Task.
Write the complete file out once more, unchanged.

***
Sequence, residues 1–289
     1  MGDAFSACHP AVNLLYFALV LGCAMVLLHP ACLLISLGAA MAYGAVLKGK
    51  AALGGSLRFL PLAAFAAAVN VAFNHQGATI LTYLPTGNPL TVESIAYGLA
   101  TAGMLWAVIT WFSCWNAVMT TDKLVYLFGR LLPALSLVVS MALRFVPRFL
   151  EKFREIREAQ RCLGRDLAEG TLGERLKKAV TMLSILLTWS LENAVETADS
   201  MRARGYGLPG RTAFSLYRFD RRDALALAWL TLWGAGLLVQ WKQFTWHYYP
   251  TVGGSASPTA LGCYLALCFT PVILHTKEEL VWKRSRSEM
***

Sequence, residues 1–289
     1  MGDAFSACHP AVNLLYFALV LGCAMVLLHP ACLLISLGAA MAYGAVLKGK
    51  AALGGSLRFL PLAAFAAAVN VAFNHQGATI LTYLPTGNPL TVESIAYGLA
   101  TAGMLWAVIT WFSCWNAVMT TDKLVYLFGR LLPALSLVVS MALRFVPRFL
   151  EKFREIREAQ RCLGRDLAEG TLGERLKKAV TMLSILLTWS LENAVETADS
   201  MRARGYGLPG RTAFSLYRFD RRDALALAWL TLWGAGLLVQ WKQFTWHYYP
   251  TVGGSASPTA LGCYLALCFT PVILHTKEEL VWKRSRSEM